The knockout roses in the yard have been throwing out a few scattered blossoms. It seems early, but I am attempting to cast my fretting-cap into the wind and simply enjoy.
The last of the "Meet the Candidate" luncheons was held on Thursday. As usual, it was lovely, and I very much enjoyed meeting the conductor for this week's symphony performance. The luncheon was held in a stunning mid-century modern house in South Knoxville, and as we were driven up the steep, narrow, and winding gravel driveway I could not help but think of my former home in Hyde Park. The weather is better in Knoxville, but I don't miss my driveway at all. Seeing the house however did spark a few moments of almost-regret. There were many similarities between this house and my former house, and some differences too, but the similarities were enough to spark memories. After all, for a long time I had simply assumed that the Hyde Park house was my forever-home, and there had been a brief moment of insanity, shortly after George's death, when, discovering that the Hyde Park house was back on the market, I had considered buying it and moving back.
As I said, it was madness, and I am grateful that I did not succumb. I'm not convinced that I believe in forever homes anymore, if I ever really did. What I loved was the home we made together, not the place itself. I suppose that is what I see as key. Places are just places. It is not that they are unimportant, but they are considerably less important than people. Home is with the person or people you cherish, and who cherish(es) you in return. The Hyde Park house was our home together; but it was home because I shared it with the person I loved and who loved me. It cannot be my home now. It would be a shadow house, built on memory and death. I don't mean George's death by that, but death to the spirit, the way defining oneself by the past tends to close the door on possibilities and therefore on life.
The luncheon house reminded me that I can't really do strict mid century again. I probably never could. It was George's house and George's style. Accommodations were made, as in all relationships. I suppose, since I was young when I married, and the house came with the husband, I've always assumed it was my style as well. And of course there are aspects of mid-century design I like, but not a whole house. I am far too eclectic. And I want deeply cushy chairs that I can curl up in cat-like. There you have it.
Thursday I met the conductor. Last night I attended the symphony. The performance was fabulous.
I've been feeling badly about not yet reviewing the Knoxville Symphony performance at Big Ears, and it does still plague me. It was a fabulous concert, and the orchestra got good reviews in the national press. Since that concert I have been thinking the orchestra should be doing more work like the pieces they performed that evening. We have an excellent orchestra, with talented and sensitive musicians, artists who are willing and capable of find the beauty in the new as well as the familiar. At big ears, I had been blown away. In the Dessner, the orchestra perfectly balanced the fine tension between sweetness and severity in the piece, and Phillip Glass' Cello Concerto #2, was stunning, performed with what I can only describe as a sense of delightful joy. That may not have been what the musicians felt as they were playing, but it was what the audience, or this member of the audience, experienced. It is easy to overplay the Glass, to make it too severe, and rob it of joy. That performance created the perfect meeting of modern and classical, minimalism and lush romanticism. It appealed to the head, but also to the heart, and there were moments when I was brought to tears, and a moment in the fourth movement when I could not avoid the chill the music brought down my spine.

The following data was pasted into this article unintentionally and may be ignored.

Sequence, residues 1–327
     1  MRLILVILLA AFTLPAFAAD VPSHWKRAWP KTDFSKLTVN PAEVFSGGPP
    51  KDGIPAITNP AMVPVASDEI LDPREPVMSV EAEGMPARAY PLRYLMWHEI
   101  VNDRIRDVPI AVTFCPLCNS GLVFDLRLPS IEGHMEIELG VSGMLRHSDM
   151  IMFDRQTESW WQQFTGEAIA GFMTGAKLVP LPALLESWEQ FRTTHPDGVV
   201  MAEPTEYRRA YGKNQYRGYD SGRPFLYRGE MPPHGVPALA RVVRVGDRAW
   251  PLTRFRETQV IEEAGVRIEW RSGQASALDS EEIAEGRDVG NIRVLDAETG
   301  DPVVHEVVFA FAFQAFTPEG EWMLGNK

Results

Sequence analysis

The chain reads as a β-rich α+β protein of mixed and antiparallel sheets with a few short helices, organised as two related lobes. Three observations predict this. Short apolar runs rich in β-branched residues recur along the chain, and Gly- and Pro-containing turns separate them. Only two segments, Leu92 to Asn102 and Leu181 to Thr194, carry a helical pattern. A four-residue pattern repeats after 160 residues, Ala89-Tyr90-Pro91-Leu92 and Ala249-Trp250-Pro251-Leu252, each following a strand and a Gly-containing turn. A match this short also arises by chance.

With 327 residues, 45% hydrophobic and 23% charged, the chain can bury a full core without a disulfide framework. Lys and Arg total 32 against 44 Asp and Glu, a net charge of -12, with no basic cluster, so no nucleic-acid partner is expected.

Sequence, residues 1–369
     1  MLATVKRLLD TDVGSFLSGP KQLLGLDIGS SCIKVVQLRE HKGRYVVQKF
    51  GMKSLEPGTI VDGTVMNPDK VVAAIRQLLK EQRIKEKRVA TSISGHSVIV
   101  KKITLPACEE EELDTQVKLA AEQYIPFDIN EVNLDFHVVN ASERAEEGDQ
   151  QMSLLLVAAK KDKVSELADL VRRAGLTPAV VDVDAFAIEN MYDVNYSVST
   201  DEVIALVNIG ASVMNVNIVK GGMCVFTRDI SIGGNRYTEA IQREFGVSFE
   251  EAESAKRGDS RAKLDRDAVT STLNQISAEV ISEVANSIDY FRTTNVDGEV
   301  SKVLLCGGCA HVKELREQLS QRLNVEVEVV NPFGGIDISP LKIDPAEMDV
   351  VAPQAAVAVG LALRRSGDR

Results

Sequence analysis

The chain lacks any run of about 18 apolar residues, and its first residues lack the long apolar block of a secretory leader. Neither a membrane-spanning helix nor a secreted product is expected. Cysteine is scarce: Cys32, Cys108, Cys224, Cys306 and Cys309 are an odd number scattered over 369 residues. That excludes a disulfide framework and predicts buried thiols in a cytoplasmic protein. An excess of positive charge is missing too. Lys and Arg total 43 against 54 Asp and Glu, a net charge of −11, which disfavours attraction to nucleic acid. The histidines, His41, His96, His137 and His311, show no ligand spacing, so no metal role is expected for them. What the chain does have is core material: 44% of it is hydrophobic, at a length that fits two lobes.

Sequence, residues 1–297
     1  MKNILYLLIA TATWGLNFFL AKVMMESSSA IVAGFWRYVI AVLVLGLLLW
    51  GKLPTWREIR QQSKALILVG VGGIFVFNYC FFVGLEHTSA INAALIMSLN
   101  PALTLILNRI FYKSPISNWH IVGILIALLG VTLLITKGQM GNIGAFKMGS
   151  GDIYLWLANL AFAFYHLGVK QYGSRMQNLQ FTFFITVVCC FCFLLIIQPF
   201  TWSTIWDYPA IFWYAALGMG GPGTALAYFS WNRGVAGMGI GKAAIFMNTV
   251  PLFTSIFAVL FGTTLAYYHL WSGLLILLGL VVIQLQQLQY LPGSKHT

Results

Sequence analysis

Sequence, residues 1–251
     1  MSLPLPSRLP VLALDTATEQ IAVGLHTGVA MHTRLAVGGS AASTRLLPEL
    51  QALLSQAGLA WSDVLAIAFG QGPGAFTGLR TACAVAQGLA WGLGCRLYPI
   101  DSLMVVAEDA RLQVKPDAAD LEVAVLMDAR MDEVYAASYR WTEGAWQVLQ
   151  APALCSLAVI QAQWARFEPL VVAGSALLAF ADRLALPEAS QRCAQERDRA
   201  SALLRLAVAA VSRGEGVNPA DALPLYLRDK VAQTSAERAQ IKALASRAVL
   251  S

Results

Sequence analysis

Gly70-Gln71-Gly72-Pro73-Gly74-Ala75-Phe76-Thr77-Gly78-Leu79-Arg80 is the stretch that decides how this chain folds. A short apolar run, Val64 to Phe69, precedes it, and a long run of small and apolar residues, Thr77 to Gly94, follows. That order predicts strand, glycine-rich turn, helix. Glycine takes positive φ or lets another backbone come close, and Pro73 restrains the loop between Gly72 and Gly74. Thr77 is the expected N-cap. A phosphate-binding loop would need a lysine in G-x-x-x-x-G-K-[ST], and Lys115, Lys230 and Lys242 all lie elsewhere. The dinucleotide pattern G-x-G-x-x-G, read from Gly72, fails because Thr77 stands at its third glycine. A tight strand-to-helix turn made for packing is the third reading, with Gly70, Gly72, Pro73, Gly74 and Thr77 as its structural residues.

And yet, in a way I got my wish. It seems to me that this week's concert had everything one could wish for. The lush beauty of Dvorak; Elgar's Enigma Variations, stunningly, and movingly performed; and a new work, Adam Schoenberg's Finding Rothko. In Finding Rothko, the orchestra reproduced that sense of music as something that creates a living space, a space you are invited to inhabit. The orchestra pulled it off beautifully two weeks previously with John Luther Adam's Become Ocean; a performance in which one could hear and feel the waves, feel the water rising around you, filled with power, and powerlessness, and even serenity. Finding Rothko was similarity well performed. Like a Rothko painting, except with music instead of color, one is drawn into the experience through subtle layering of sound and musical shading. The performance was almost like inhabiting a Rothko painting, like a vivid color experience of the same intense feelings that are engendered when one inhabits a Rothko space, such as the Rothko Chapel in Houston. Stunning.